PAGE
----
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new law led to a massive upsurge in the number of cases handled by the labour dispute arbitration committees in 2008. However many committees are under-staffed and under-funded and have not been able to process all claims, particularly the more complicated claims, in a timely manner. The aim of the Employment Promotion Law was to create a more open and fairer job market and tackle widespread employment discrimination. It was of particular significance to the 130 million or so carriers of the Hepatitis B virus who face widespread and routine discrimination when applying for jobs. Article 30 of the law states that: No employment unit, when recruiting employees, shall refuse to employ a job candidate on the basis that he/she is a carrier of any infectious pathogen. This, together with the Opinion on safeguarding the employment rights of people suffering hepatitis B (surface antigen) (Ministry of Labour and Social Security, Ministry of Public Health, 18 May 2007) gave people living with Hepatitis B much greater legal ammunition with which to protect their rights. Other labour-related laws and regulations issued by the State Council and its affiliated departments included the Decree on Employment of Persons with Disabilities (State Council, 25 February 2007), the Ordinance on Workers’ Paid Annual Leave (State Council, 14 December 2007), the Ordinance on Implementation of the Labour Contract Law (State Council, 18 September 2008), the Circular concerning further Development of a Sound Set of Minimum Wage Thresholds (Ministry of Labour and Social Security, 12 June 2007), and the Regulations on Employment Services and Employment Management (Ministry of Labour and Social Security, 5 November 2007). At the local level too there were important developments in labour legislation. The Regulations on the Promotion of Harmonious Labour Relations in the Shenzhen Special Economic Zone approved by the Shenzhen Municipal People’s Congress on 23 September 2008 was an attempt to provide a more effective framework for labour dispute resolution in the city. Shenzhen’s Implementing Regulations for the Trade Union Law, implemented on 1 August 2008, were hailed by the municipal union federation as helping to create a “responsible, empowered and battle-ready union” capable of protecting workers’ rights. Moreover, Zhang Youquan, head of the Shenzhen Federation’s legal department told a press conference to announce the new regulations that this was the first time the term “collective bargaining,” (集体谈判) as opposed to the previously-used but much weaker concept of “collective consultations” (集体协商) had been applied in China’s local legislation. 27 Shenzhen’s experiment with collective bargaining was put on hold, however, in the wake of the global financial crisis, when union officials were instructed to help enterprises get through their economic difficulties.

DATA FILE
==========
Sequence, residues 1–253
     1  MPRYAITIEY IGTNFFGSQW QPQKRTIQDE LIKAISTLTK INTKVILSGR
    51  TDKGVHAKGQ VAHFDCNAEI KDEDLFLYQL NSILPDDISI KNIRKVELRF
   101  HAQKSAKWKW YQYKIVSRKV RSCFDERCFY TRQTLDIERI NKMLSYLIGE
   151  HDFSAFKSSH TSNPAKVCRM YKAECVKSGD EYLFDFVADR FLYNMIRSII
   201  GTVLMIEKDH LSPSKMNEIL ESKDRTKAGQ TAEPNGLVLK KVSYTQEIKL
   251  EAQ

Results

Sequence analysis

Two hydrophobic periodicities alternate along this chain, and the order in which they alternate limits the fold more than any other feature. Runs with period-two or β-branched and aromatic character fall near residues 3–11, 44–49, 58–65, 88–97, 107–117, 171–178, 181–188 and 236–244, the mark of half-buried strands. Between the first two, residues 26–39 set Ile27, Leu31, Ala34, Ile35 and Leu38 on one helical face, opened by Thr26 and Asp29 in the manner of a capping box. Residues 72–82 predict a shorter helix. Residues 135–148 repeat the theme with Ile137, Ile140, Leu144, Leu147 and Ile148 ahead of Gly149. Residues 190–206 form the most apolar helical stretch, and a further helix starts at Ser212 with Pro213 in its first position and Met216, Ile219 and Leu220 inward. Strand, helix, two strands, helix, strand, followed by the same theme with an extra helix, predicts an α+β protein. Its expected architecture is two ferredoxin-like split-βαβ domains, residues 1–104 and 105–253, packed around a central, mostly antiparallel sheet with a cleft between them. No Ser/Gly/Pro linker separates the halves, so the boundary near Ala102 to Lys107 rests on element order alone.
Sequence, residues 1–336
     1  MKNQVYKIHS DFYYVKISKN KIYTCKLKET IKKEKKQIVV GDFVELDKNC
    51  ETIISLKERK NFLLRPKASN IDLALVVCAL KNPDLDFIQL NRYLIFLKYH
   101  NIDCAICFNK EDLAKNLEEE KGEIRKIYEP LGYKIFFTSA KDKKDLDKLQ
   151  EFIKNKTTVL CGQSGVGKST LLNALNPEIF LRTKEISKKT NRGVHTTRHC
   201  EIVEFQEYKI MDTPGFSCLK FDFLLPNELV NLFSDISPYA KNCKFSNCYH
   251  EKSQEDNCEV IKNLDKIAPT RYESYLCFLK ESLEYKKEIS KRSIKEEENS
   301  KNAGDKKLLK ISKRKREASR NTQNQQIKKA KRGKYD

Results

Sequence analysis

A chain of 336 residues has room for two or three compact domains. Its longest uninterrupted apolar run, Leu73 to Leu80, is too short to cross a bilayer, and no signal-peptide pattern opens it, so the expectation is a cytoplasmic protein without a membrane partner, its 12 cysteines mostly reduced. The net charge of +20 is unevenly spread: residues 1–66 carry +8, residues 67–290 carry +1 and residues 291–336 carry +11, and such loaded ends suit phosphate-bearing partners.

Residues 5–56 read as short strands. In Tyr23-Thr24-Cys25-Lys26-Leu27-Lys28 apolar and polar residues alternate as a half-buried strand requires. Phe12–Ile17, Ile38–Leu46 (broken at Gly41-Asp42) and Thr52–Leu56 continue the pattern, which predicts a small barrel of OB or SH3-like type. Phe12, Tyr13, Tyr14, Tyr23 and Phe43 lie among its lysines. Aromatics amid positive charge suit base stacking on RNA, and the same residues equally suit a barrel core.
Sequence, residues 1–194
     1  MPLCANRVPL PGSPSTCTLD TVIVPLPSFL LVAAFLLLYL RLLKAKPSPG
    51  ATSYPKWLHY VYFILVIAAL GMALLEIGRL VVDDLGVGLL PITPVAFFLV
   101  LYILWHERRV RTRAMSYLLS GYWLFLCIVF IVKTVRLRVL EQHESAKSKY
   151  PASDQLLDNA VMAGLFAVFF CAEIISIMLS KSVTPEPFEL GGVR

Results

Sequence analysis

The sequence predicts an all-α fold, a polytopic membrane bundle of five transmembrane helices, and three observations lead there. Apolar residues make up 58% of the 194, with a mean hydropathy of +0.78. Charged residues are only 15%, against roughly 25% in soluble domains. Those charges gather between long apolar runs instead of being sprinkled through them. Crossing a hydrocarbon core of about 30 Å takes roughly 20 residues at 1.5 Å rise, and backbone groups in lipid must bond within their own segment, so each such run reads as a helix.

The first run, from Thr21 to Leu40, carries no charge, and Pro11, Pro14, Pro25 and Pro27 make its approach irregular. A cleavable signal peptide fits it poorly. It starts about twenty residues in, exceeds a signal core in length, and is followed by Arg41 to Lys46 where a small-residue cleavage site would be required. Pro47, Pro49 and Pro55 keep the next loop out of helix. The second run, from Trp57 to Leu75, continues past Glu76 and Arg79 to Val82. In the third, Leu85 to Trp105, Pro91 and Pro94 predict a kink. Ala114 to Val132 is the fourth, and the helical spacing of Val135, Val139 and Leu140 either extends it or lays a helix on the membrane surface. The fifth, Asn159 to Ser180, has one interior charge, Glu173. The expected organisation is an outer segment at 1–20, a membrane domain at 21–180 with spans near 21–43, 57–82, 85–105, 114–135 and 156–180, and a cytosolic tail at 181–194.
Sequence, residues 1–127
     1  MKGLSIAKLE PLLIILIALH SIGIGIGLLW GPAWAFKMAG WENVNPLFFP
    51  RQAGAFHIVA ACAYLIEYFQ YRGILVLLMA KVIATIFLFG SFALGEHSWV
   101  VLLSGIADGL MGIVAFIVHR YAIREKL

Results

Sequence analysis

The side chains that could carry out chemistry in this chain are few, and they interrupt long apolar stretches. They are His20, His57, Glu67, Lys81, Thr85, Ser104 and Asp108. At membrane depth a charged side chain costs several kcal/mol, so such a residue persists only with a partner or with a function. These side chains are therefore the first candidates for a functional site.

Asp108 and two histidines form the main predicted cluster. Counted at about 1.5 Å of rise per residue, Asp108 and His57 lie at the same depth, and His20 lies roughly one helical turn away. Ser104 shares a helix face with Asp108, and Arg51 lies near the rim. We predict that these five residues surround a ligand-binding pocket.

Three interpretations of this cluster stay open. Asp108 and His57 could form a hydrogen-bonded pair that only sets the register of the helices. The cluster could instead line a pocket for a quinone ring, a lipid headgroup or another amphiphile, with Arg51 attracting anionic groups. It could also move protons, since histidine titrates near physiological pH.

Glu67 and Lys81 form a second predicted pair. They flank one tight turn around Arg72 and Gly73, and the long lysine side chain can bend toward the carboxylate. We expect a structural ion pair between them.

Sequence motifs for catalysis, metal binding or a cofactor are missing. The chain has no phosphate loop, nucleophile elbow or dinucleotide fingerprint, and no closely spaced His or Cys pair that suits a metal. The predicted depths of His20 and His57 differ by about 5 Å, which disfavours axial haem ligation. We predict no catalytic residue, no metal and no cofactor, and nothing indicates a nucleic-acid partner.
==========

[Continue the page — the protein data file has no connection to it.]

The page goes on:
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“深圳工会新办法出台 首提集体谈判公开谴责等词” (Shenzhen’s new Trade Union Law Implementing Regulations will use for the first time terms such as collective bargaining and public censure) 21 事迹经济报道 (21st Century Economic Report) 2 August 2008.